HEATHERY CLEUGH. Heathery Cleugh. There have not been too many reasons to mention Heathery Cleugh in these pages, so let’s make the most of this one.

The parish of Heathery Cleugh is up the western top of Weardale. It is just before you reach Killhope Lead Mining Museum, although it doesn’t really exist.

“There is really no village of Heathery Cleugh, though there are a few cottages near the church,” said an 1894 directory. And that was before the church was dismantled when quarrymen wanted to take the stone from underneath its very pews.

A “cleugh” is a dialect word for a ravine with water running down it, and the Heathery Cleugh plunges down the side of the dale into Killhope Beck. Killhope Beck passes the hamlet of Copthill and the village of Cowshill before joining the Burnhope Burn at Wearhead. Together, the two waterways form the River Wear.

The road which follows the dale bottom is the A689. It was built by a turnpike committee, and so is lined with mileposts to enable travellers to know how much they had to pay for using it (the iron mileposts are unique in this area as they are painted black with white lettering rather than the other way around).

The turnpike road crosses Heathery Cleugh on a tall, five-arched bridge built in 1810.

A parish church for Heathery Cleugh was built beside the road about half-a-mile from the heathery ravine in 1823 at Copthill. In the 1880s, it was extended to seat 400 and it was lined with fire brick throughout.

But a few years later, a whinstone quarry was opened beside it and the ground fell away. It was decided to move the church, dedicated to St Thomas, brick by brick onto more stable land in Cowshill. Lord Barnard laid the foundation stone in July 1911 and the Heathery Cleugh church was consecrated in February 1915.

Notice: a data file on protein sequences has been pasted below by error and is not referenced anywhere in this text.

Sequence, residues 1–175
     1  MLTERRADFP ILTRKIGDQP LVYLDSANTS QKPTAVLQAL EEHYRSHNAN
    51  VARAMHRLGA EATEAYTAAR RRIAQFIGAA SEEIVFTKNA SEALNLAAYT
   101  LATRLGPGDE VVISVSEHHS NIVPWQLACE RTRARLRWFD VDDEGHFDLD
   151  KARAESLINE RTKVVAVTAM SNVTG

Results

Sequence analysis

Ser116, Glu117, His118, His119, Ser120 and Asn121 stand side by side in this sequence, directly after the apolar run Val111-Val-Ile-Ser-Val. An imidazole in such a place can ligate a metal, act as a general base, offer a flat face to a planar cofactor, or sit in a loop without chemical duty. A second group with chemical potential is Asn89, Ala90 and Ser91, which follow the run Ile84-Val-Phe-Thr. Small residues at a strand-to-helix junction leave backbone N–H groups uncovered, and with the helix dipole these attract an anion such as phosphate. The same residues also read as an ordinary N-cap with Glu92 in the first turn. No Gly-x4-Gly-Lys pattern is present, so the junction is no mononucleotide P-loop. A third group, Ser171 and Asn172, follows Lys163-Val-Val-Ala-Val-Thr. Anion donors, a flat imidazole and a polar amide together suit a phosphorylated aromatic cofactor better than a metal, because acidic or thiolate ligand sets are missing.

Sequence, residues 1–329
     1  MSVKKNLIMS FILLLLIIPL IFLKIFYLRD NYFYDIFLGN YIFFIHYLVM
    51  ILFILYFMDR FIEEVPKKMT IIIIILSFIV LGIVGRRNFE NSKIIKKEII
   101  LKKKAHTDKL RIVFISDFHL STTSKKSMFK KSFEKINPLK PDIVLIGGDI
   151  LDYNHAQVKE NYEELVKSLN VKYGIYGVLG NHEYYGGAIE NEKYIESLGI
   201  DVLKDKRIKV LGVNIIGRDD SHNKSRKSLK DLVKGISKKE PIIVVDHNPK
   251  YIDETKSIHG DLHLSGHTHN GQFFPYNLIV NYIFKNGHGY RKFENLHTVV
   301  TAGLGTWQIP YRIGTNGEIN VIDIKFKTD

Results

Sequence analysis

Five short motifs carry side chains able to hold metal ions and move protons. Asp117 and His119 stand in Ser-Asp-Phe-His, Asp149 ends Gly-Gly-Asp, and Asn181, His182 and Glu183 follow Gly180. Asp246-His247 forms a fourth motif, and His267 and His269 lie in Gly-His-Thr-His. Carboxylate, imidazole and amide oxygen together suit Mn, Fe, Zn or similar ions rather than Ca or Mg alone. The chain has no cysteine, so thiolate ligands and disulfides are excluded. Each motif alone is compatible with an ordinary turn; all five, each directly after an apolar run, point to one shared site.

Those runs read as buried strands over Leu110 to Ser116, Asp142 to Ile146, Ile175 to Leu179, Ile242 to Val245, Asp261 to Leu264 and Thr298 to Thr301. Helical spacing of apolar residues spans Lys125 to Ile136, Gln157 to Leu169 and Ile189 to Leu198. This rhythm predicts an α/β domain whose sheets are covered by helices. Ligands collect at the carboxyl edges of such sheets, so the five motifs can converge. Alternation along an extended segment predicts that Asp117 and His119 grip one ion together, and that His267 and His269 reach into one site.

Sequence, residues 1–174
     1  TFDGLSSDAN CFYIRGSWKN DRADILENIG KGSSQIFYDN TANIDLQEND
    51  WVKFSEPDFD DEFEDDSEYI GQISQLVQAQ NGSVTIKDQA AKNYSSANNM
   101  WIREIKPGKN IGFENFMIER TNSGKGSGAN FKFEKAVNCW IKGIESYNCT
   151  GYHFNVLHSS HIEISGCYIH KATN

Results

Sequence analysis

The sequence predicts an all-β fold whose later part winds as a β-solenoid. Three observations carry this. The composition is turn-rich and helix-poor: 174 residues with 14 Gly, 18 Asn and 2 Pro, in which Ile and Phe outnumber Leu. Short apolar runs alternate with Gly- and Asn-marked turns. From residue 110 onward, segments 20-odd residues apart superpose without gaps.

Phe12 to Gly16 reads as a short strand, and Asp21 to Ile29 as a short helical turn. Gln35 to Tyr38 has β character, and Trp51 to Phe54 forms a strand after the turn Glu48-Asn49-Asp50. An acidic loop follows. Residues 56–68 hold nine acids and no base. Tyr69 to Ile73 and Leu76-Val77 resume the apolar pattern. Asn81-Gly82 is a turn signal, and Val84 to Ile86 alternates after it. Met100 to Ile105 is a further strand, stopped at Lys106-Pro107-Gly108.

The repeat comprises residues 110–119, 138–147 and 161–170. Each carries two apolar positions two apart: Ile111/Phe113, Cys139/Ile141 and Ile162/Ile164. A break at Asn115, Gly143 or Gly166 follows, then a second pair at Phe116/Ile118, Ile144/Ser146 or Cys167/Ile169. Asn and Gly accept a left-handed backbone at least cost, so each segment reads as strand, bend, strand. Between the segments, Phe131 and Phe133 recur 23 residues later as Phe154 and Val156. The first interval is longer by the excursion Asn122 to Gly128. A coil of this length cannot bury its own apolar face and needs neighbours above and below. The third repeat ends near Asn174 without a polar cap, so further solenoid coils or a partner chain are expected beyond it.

There is one other building of note beside the Heathery Cleugh bridge: a Barrington school.

Bishop John Shute Barrington was the penultimate Prince Bishop who in 1819 gained a £70,000 windfall (more than £6m today) when a court agreed he had sold the Weardale leadmining rights too cheaply to the Beaumont Mining Company.

The bishop was concerned with the march of Methodists up the dale, and he noted that the area’s other big company was the London Lead Company which was Quaker and had founded Quaker schools in Middleton-in-Teesdale.

So he spent £2,000 of his windfall creating “Barrington” Church of England schools at Heathery Cleugh, Boltsburn, Stanhope, St John’s Chapel, Westgate and Eastgate. These schools were expensive to run: the seven schoolmasters’ salaries came to £375, although two masters were sacked for drunkenness and a third had £2 deducted from his wages until he replaced the missing school furniture and door. Nevertheless, in 1847, remote Heathery Cleugh school was attended by 66 young scholars.

“The inhabitants of this district, which is wild and little cultivated, are principally engaged in the mines, making a livelihood by having a few acres of fell land upon which they graze a cow or a few sheep,” said the 1894 directory.

Leadmining soon fell away, as did the land around the Heathery Cleugh church, and the dale is still wild and little cultivated, but most visitors return quite captivated by its qualities and pleased to be able to say that they have been to Heathery Cleugh.

BY the River Wear near Cowshill is a place called Melon Isle. Who can explain this fruity name?